In the last play of the half Byron failed to deal with a bouncing ball at the lineout and Ballina’s scrum half stepped over the line, narrowing the gap to 14–5.

Byron Bay have become masters of down-to-the-wire rugby but even the sturdiest pacemaker was to be tested by the second-half action.

With both packs tiring and play opening up the Ballina backline finally chanced their arm to counterattack with depth, width and pace.

In a period that should have ended the contest Ballina scored twice to lead 15–14 but poor goal kicking and a calamitous dropped ball over the line opened the door for the visitors.

Byron’s most penetrating back James Hawley was a revelation in the centres and he was richly rewarded with a try to regain the lead.

Cue more drama as Byron conceded an intercept try next to the posts for Ballina to lead 20–19 with three minutes remaining.

The home side missed their sixth shot at goal and conceded possession from the restart to a more committed Byron.

The visitors sustained a dozen phases of tense, mistake-free rugby before receiving a penalty in the final seconds.

Byron’s AJ Gilbert had sprinkled enough class and composure in his cameo at five-eighth and the star player calmly slotted the winner from 35-metres on an angle.

Gilbert was quality but the day belonged to Craig Wallace who delivered a master class in passion, purpose and precision.

The modest Irishman has shed many kilos with his West Indies diet but Byron’s player of the year in 2013 seems to have returned in even better fettle.

The Bay will enjoy a two-week rest before hosting the champions Lismore on April 26.

Byron train every Tuesday and Thursday at the Rec Fields next to the tennis courts. New players are most welcome.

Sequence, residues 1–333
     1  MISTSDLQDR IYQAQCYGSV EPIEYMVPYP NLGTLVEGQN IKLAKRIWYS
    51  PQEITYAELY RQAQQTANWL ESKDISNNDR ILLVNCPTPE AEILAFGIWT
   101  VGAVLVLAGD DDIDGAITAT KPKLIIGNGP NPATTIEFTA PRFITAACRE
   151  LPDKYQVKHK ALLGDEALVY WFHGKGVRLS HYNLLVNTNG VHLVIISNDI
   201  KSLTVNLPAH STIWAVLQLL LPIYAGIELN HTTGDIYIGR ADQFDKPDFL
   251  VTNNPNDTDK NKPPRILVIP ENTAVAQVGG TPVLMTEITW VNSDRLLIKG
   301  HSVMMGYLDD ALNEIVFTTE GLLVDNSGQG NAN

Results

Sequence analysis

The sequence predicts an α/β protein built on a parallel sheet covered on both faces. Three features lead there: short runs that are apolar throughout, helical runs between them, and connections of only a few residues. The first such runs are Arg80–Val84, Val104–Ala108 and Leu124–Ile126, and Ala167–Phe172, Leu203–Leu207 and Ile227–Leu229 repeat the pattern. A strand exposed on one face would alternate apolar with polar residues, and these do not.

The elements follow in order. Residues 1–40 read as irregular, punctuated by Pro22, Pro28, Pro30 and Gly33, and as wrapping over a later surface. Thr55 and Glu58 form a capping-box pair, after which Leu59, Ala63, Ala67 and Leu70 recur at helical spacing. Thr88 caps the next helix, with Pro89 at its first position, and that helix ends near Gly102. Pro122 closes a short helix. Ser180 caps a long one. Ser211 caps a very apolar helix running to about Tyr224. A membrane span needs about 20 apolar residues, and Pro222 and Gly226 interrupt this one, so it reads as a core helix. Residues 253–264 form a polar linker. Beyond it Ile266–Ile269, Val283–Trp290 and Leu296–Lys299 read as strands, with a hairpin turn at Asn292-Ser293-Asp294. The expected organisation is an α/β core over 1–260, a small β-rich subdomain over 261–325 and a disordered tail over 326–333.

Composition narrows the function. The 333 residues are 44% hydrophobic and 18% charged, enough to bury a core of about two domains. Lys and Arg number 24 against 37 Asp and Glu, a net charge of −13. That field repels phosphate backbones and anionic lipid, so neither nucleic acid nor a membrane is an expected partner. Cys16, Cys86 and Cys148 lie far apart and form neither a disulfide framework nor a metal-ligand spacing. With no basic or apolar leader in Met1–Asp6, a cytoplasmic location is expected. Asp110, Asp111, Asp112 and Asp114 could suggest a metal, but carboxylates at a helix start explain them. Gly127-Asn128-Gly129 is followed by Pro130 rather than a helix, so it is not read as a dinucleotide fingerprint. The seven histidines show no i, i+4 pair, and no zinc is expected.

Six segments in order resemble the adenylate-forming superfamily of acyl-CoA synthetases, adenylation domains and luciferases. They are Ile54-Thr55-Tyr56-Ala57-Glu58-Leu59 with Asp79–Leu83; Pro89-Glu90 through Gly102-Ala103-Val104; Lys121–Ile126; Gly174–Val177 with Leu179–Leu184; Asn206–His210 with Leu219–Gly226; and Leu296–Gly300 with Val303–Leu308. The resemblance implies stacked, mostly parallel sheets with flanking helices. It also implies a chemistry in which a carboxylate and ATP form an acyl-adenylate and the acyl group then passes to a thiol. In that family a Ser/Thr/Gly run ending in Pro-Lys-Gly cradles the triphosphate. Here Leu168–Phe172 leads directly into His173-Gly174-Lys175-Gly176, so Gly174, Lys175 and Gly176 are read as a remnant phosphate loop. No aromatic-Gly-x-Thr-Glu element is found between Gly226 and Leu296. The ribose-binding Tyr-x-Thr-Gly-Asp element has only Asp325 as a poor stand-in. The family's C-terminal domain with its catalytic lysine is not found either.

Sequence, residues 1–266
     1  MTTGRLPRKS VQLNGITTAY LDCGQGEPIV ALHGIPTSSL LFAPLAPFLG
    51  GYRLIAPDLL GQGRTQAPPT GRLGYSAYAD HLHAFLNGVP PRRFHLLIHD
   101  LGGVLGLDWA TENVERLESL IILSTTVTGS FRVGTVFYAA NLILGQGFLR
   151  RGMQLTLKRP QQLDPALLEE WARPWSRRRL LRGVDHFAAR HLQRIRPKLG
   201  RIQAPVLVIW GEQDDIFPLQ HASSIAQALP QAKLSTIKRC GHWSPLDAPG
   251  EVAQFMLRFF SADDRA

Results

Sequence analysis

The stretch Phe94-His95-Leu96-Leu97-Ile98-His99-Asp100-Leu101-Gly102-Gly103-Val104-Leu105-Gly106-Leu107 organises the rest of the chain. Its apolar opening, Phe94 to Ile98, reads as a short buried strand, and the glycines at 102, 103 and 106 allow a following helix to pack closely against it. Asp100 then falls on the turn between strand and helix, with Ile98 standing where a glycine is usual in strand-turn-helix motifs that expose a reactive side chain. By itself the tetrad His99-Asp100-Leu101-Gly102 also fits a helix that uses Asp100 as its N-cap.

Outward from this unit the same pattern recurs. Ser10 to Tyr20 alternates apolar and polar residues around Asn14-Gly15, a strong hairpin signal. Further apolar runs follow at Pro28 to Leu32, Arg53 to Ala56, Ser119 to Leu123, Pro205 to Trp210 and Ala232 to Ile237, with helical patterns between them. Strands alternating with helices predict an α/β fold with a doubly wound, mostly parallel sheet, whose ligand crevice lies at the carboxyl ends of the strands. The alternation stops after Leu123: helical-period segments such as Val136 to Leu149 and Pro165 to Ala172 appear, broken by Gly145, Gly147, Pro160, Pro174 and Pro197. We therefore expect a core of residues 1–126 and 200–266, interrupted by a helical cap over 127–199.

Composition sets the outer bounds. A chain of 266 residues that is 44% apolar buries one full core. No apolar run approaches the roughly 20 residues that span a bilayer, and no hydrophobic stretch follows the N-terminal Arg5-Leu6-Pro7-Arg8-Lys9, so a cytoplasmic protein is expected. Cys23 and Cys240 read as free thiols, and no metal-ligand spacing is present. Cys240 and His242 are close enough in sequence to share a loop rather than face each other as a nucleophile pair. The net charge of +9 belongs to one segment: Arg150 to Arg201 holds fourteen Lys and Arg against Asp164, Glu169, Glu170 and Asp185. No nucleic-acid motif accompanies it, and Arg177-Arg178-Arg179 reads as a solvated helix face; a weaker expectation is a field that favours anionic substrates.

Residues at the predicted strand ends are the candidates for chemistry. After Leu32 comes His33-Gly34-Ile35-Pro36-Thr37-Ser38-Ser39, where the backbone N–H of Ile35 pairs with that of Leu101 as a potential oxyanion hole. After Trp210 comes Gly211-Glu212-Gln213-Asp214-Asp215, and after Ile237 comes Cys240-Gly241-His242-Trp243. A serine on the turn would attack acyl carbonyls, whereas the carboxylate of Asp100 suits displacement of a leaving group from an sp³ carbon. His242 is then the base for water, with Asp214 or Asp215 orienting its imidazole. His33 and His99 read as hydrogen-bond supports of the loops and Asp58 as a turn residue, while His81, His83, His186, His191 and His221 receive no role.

Go the Bay!

Support The Echo

Keeping the community together and the community voice loud and clear is what The Echo is about. More than ever we need your help to keep this voice alive and thriving in the community.

Like all businesses we are struggling to keep food on the table of all our local and hard working journalists, artists, sales, delivery and drudges who keep the news coming out to you both in the newspaper and online. If you can spare a few dollars a week – or maybe more – we would appreciate all the support you are able to give to keep the voice of independent, local journalism alive.


Please enter your comment!
Please enter your name here

NSW SES continues its efforts on International Volunteers Day

NSW SES volunteers continue to assist flood impacted communities across inland NSW as extensive flooding moves to downstream locations.

4WD restrictions at South Ballina beach to stay

Moves towards use of a smart phone app to help control 4WD access to South Ballina’s beach have failed in a recent Ballina Shire Council meeting.

Assange sought asylum

The controversy over the actions of Julian Assange seems to miss a crucial point. His motive for seeking asylum at the Ecuadorian Embassy was...

Climate change likely to bring more compound disasters

The 2022 floods have caused $5.3billion in damage. Black Summer bushfires caused almost $2.5 billion in damage. Three consecutive La Nina events, or multiple droughts and heatwaves likely to become more common.